CATIA, Component Based Design, Research

High LOD Modeling – Template Instantiation

After creating the base model, the next step is to create a Engineering Template. It’s comparable to an adaptive component family in Revit, but with the main difference being that you can include alot more geometrical information.

Creating an Engineering Template

Clicking on the ‘+’ arrow at the top right corner of the window allows you to create new content. Searching for ‘template’ brings up the Engineering Template icon.

After clicking the icon, a separate tab opens. Click on the ‘Add Reference’ button to link the base model to the template.

The program prompts you to select the components to be added, so you click on the top of the tree, the ‘Glazing_Panel A.1’, which contains all the information needed.

Automatically, this portion of the model gets added. In order to add the other portions of the model, such as the Skeleton, click on that part under ‘Unchanged Components’ and then the arrow. This includes all the parts into the ‘Components to process’ dialogue box.

Next, the inputs created, such as the axis system and three points which make up the edges of the panel, need to be linked. Clicking on the Inputs tab, a small window will pop up. In order to be able to select the inputs, click on the ‘Glazing_Panel A.1’ within the tree. This loads all the available parts that can be selected. Then, clicking on the small right arrow moves the necessary inputs to the ‘Selected objects’ box.

The last step is to link in the ‘Offset’ and ‘Thickness’ parameters, in a similar way as in the last step.

Testing the Template

Within the Building and Civil Assemblies app, create a test building and add some test inputs.

Using the Engineering Template tool, we can then test to see if the base model has been properly constructed. So, if anything looks wonky, this test will show you what needs to be fixed!

The tool prompts you to select the Engineering Template that you want to populate. So, again, click on the main part of the tree, or ‘PLM_Template_Panel A.1’, in this case.

Now, this is the fun part. A new window appears, and asks for the inputs. You can either select them on the tree menu or directly on the 3D viewer. Then, you get a nice little diagram of the different parts and how they interconnect.

And, when you thought it couldn’t get better, you can actually preview the result before instantiating the whole panel. Definitely feels good when you get a idea ahead of time if your model will work after all!

And yes, the moment of truth— it works!!!!!!!!!!

In the next post, I’ll go over how to populate the panel on a real design.

CATIA, Component Based Design, Computational Design, Research

High LOD Glazing Panel Creation

It’s a constant struggle with most modeling programs to create truly high LOD models. And this is especially true if the shape or design being attempted is not rectilinear or a quadrilateral. Fortunately, there some great tools, such as xGenerative Design, Assembly Design, and Building 3D Design to help with this, as well as this super helpful video, which I highly recommend to watch.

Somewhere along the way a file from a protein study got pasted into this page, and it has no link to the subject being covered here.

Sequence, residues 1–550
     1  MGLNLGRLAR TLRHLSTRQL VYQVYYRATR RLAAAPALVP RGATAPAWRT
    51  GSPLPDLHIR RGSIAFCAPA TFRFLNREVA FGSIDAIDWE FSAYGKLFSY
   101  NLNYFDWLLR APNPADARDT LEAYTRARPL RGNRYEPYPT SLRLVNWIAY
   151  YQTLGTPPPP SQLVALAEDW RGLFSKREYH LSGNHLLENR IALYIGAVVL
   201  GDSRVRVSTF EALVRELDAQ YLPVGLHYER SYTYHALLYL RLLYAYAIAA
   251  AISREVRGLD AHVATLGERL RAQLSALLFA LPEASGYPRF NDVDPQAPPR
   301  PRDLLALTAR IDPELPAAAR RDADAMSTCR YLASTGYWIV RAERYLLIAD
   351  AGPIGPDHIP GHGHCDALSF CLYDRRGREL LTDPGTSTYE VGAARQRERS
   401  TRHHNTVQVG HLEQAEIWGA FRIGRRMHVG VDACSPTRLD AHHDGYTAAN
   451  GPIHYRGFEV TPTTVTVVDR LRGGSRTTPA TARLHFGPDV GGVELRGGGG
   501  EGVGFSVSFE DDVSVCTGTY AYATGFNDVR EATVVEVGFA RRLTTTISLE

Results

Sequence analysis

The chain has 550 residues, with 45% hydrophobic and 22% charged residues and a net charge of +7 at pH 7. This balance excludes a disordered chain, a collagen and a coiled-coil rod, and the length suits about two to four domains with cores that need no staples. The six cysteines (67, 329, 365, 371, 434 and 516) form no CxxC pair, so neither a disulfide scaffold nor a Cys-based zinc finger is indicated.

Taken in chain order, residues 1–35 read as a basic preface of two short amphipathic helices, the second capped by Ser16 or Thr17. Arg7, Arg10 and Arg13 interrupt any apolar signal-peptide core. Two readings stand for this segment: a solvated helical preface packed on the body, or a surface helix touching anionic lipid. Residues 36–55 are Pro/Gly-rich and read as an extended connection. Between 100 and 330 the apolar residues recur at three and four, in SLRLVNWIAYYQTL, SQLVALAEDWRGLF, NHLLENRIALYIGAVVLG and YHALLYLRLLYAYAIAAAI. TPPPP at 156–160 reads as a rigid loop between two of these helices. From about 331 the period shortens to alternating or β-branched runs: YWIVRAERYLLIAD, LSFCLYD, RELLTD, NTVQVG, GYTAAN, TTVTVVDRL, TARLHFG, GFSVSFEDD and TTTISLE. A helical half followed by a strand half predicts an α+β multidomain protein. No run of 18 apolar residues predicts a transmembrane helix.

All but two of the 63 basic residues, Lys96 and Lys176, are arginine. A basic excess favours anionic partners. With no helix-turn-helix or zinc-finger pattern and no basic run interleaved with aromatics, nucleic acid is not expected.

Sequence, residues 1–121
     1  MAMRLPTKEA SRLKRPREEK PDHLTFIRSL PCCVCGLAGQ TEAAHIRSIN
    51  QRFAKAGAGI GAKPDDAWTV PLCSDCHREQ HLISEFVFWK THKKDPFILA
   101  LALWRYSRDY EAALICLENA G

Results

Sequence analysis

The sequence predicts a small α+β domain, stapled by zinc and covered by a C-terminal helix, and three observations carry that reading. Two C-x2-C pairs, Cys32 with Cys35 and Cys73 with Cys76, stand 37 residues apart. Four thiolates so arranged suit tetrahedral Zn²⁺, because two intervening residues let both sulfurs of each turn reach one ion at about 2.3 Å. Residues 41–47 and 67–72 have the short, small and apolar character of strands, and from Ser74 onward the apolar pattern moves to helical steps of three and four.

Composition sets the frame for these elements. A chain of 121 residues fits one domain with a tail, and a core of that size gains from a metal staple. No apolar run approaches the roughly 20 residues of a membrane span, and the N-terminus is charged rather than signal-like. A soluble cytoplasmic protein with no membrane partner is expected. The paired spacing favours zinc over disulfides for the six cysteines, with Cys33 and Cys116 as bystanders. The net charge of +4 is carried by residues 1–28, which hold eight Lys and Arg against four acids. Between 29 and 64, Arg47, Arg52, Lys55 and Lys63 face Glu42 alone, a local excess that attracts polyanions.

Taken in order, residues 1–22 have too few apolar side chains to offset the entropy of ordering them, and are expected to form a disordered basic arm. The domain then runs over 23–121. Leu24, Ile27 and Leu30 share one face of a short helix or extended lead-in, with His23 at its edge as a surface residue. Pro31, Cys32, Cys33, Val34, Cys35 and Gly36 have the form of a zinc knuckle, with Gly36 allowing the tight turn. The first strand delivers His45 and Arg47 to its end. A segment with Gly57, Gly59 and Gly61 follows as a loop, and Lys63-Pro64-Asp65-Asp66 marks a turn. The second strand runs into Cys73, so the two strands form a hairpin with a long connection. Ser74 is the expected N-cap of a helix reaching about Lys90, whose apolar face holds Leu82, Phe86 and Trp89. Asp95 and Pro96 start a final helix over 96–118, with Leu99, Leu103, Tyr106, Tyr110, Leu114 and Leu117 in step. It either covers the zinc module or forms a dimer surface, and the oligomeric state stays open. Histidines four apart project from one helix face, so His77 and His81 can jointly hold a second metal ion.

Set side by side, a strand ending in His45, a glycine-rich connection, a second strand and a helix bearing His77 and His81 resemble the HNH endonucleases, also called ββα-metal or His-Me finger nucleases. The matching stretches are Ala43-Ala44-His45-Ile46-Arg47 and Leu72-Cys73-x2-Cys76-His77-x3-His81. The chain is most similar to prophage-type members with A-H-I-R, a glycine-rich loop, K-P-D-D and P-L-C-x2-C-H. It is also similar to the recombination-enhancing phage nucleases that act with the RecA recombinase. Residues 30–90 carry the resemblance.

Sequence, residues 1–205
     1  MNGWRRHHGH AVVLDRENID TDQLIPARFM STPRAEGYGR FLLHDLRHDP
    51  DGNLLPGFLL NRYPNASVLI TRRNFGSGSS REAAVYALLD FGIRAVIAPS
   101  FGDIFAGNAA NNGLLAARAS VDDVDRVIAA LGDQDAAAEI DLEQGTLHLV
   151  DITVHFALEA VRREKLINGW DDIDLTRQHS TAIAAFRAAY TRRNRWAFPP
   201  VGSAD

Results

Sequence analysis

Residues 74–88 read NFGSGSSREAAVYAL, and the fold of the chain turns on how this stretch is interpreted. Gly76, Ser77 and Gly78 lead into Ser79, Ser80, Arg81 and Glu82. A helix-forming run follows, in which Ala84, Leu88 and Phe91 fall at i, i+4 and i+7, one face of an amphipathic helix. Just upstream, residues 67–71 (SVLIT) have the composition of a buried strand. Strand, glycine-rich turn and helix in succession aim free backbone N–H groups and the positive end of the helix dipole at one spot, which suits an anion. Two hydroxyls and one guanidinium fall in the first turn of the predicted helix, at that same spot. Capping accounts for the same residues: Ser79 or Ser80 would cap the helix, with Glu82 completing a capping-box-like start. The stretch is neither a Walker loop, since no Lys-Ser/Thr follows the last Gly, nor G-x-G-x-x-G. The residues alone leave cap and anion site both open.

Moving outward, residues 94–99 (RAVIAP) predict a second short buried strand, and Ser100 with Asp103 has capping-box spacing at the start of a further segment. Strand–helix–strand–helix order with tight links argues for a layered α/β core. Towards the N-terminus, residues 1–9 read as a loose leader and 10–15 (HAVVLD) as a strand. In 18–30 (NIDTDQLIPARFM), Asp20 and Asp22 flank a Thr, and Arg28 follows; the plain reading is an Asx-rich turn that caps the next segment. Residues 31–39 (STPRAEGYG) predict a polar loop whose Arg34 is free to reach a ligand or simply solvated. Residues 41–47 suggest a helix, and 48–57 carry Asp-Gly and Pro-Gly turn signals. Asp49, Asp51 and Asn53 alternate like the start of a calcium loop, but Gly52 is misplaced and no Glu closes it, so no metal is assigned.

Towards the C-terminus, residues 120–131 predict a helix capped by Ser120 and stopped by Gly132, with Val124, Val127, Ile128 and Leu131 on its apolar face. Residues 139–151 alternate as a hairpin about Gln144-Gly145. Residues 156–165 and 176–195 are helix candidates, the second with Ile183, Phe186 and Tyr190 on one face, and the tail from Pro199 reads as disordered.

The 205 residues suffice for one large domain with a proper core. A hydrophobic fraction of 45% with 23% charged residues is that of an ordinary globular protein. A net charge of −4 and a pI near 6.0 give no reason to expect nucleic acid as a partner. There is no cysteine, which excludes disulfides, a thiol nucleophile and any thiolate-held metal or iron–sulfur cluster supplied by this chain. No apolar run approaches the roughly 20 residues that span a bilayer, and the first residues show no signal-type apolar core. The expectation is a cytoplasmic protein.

The Design

Rhino model imported into xGenerative Design, with each reference surface

I used a design of a skylight done in Rhino; the model had the base surfaces which represent the glazing panels. In order to add more detail to this model, I looked at the detail drawings provided by the client, which gave important info such as the type of glazing, size of panels, and offsets for things like sealants — turns out, the glazing panel is triple pane with 1/2″ offset between panels for the sealant!

Creating the Panel

The glass panel was created using Assembly Design, and the Covering element type contains all the different parts of the panel.

Tree Structure

The panel’s basic structure within Assembly Design

The tree structure is made up of two parts: the Skeleton and Plate. The skeleton contains all the inputs and base geometry required to build up the panel, such as the axis system, points, boundary curve and surface. The ‘Plate’ mostly contains references from the Skeleton, in order to further build up the geometry which makes up the panel.

Inputs

View of panel, highlighting the inputs which make up the panel

The inputs are crucial in order to create a template, which will be referenced in the overall design later on.

Panel Construction

The Thickened Surface tool, highlighting the linked surface

To create the glass panels, the surface from the Skeleton is copied into the Plate as a link. Then, using the Thicken Surface tool, the first glass panel is created. The rest of the panels are made in the same way, with the offset distances varying depending on its location.

One thing to note is that the ‘Offset’ of the surface is controlled by a formula, which has some associated parameters which can be changed. This isn’t so important as it’s unlikely that the glass panel type, and therefore thickness, will change after the design development phase, but it was a nice exercise in creating a more parametric model.

Plate Construction

View of a Sketch, for the profile for the sweep which represents the sealants

Another parameter that drives the overall shape of the panel is an ‘Offset’, which allows room to add a profile for the sealant. The boundary is constructed using a polyline, created using the input points. The profile is constrained by a point on the polyline, as well as the linked surface.

In the next post, I’ll go over how to create an Engineering Template from this model. Stay tuned!

Flux, Research

Rhino + Revit Interoperability Workflow Using Live Objects

RH-RVT_Workflow_Diagram-01

Like a honeycomb structure, an interoperability workflow weaves software together to make an efficient system. In this example, we’ll create a live floor element in Revit from a surface in Rhino.

Objectives

1. Read surface by layer name and sort by elevation in Grasshopper
2. Extract parameters (curves, level names, number of floors, and elevations) and send to Flux
3. Create a level and floor element in the Flow Tool
4. Merge level and floor element in Revit

RH+RVT_Interop_GH_R01

 

Steps 1-2

 

RH-RVT_GH_01RH-RVT_GH_02RH-RVT_GH_03

We’ll start off with a rhino model that contains surfaces in a designated layer.
A single surface is read by index, its parameters extracted, then sent to Flux
(where the magic happens).

GH_06

• Dynamic Pipeline – Set to ‘read by layer name only’
• Number slider – Select surface by index
• Flux Project – Select project
• To Flux – Send data to Flux (flow control mode: constantly)

GH_07• Area centroid
• Deconstruct Point – Extract elevation (unit Z)
• Sort List – Sort surfaces by elevation
• Brep | Plane – Extract closed planar curves